Mental Health Counselor (MHC) Career Guide

Mental health counselors (MHCs) assess and diagnose clients and work with them to achieve mental and physical well-being. About 311,000 mental health counselors (including substance abuse and behavioral disorder counselors) are employed in the US according to the most recent data from the Bureau of Labor Statistics (BLS).1 In this guide, you’ll learn how to become a MHC, common job requirements, and the career and salary outlook.

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How to Become a Mental Health Counselor

All 50 states and Washington DC closely regulate mental health counselor licensing due to their position of trust with sometimes vulnerable clients. Becoming licensed as a mental health counselor requires a minimum education of a master’s degree. The typical process of becoming a mental health counselor is to:

  1. Earn a master’s degree in mental health counseling or a closely-related major that fulfills your state’s licensing requirements.
  2. Complete required hours of supervised work experience under a licensed professional per state rules.
  3. Take the professional counselor exam(s) required by your state.
  4. Apply for a mental health counseling license.
  5. Start applying for mental health counselor jobs.
  6. Maintain continuing education coursework in your state.

MHC Licensure and Schools by State

While the general steps to becoming licensed as a mental health counselor always include earning a master’s degree and passing exams, the specific process and requirements vary by state. You can find the path to MHC licensure and learn about MHC programs in your state by selecting your state below.

Mental Health Counselor Job Description

There are many titles associated with mental health counselor careers. While Mental Health Counselor (MHC) or Licensed Mental Health Counselor (LMHC) are standard terms for a license to practice in this career field, there are other variations depending on the state. These include Licensed Professional Counselor (LPC), Licensed Professional Clinical Counselor (LPCC), and Licensed Clinical Professional Counselor (LCPC).

Mental health counselors provide support to individuals facing mental health challenges, navigating personal growth, or seeking guidance to cultivate positive habits. Ultimately, MHCs strive to empower their clients to achieve their goals for emotional and physical well-being. Mental health counseling can take place between a counselor and an individual, a couple, a family, or a group. Mental health counselors commonly choose to focus their practice area with clients:

  • In a specific age group (such as teenagers)
  • With a certain mental disorder (such as depression or anxiety)
  • With a certain challenge (such as grief or job loss)

Mental health counselors typically align their practice with a specific “school” or method of mental health treatment. Some common therapies that mental health counselors use are:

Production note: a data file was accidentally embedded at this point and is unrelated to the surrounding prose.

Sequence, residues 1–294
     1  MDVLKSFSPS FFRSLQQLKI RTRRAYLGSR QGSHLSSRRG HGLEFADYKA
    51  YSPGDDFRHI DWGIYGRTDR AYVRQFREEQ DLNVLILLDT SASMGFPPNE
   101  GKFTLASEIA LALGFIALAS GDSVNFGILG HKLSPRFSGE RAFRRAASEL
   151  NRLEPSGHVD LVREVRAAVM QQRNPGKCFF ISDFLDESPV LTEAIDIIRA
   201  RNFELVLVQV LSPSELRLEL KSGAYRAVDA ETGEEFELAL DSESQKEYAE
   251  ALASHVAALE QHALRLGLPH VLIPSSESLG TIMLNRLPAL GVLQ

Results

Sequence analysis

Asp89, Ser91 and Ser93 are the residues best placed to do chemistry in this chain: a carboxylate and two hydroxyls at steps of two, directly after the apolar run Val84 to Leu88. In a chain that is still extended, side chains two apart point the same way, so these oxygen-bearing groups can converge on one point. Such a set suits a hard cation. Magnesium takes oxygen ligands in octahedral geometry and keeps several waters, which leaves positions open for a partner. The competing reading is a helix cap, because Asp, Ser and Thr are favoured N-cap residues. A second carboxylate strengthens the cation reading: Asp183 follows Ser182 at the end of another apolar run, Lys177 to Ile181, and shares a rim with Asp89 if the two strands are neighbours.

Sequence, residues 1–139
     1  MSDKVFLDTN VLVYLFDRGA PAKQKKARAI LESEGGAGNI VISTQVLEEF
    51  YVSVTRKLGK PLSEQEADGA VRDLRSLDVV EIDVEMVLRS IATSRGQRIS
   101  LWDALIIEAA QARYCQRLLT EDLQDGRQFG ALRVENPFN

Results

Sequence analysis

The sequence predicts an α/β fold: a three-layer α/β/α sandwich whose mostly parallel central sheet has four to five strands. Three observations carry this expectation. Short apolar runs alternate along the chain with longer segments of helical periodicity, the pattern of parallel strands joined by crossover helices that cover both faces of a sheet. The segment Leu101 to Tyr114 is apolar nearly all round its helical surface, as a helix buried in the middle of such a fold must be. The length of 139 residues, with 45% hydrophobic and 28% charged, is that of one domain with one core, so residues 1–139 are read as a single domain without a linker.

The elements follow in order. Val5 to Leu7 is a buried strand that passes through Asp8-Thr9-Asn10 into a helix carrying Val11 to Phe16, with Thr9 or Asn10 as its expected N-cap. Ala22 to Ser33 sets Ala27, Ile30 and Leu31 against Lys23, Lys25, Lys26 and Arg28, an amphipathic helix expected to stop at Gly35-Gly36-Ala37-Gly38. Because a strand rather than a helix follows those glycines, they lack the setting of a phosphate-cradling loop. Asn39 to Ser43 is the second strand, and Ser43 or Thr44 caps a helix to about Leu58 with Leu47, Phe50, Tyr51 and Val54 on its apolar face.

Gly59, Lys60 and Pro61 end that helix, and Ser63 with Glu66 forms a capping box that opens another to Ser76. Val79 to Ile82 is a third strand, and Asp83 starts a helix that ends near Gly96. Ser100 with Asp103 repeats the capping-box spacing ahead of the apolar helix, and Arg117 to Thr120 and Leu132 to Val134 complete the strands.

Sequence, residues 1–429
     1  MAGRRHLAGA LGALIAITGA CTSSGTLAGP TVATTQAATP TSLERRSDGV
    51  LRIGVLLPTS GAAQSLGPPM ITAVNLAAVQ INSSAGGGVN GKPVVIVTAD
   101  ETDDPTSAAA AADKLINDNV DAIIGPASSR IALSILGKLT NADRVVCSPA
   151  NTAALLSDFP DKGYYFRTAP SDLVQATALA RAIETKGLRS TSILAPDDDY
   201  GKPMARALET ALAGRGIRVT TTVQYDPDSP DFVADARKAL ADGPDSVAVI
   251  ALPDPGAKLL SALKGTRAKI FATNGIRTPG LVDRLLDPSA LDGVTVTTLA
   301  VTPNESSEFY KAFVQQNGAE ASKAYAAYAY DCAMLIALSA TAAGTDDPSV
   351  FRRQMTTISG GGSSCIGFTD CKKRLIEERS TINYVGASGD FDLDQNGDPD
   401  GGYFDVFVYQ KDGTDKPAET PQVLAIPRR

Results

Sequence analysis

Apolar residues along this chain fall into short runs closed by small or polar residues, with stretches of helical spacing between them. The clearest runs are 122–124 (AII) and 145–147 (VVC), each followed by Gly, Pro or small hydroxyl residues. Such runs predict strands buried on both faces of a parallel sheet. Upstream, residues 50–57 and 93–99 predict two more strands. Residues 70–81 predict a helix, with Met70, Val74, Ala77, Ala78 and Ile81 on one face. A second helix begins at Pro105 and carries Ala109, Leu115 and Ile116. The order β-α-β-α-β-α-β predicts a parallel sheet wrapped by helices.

• Art therapy: Involves creative expression through art forms, allowing individuals to communicate and process emotions without relying solely on verbal communication.
  • Body-centered therapy: Focuses on bodily sensations and movements, involving techniques like yoga, dance, or somatic experiencing to release tension and address trauma.
  • Eye movement desensitization and reprocessing (EMDR) therapy: Used to relieve psychological stress and treat trauma including post-traumatic stress disorder (PTSD)
  • Music therapy: Utilizes musical activities, sounds, and rhythms to evoke emotions, reduce stress, and enhance well-being.
  • Play therapy: Especially effective for children, play therapy employs toys and games to facilitate expression and healing.
  • Psychotherapy: Also known as “talk therapy,” psychotherapy may include approaches such as cognitive behavioral therapy (CBT), dialectical behavior therapy (DBT), acceptance and commitment therapy (ACT), and motivational interviewing (MI).

Counselors work in a variety of settings, from private offices to public treatment centers. Most commonly, they work in outpatient mental health and substance abuse centers (19%) and individual and family services (15%).2 Mental health counselors also work in hospitals (10%) and residential facilities (9%) as well as in government (8%).2

In addition to counseling, mental health therapists perform a range of tasks in support of their work. MHCs must document the assessment, diagnosis, prognosis, and continuing progress of their clients. It is also common for them to provide referrals to other mental health professionals, such as psychologists and psychiatrists. Counselors must collaborate and coordinate with other service providers, state agencies, family members, schools, or justice systems. Knowing how to navigate insurance company requirements will also be vital for supporting clients’ access to care.

Keeping abreast of new research and being up-to-date on best practices in mental health therapies helps MHCs to provide the best possible care to clients. Most states require LMHCs to complete a certain number of hours of continuing education to keep their counselor’s license current.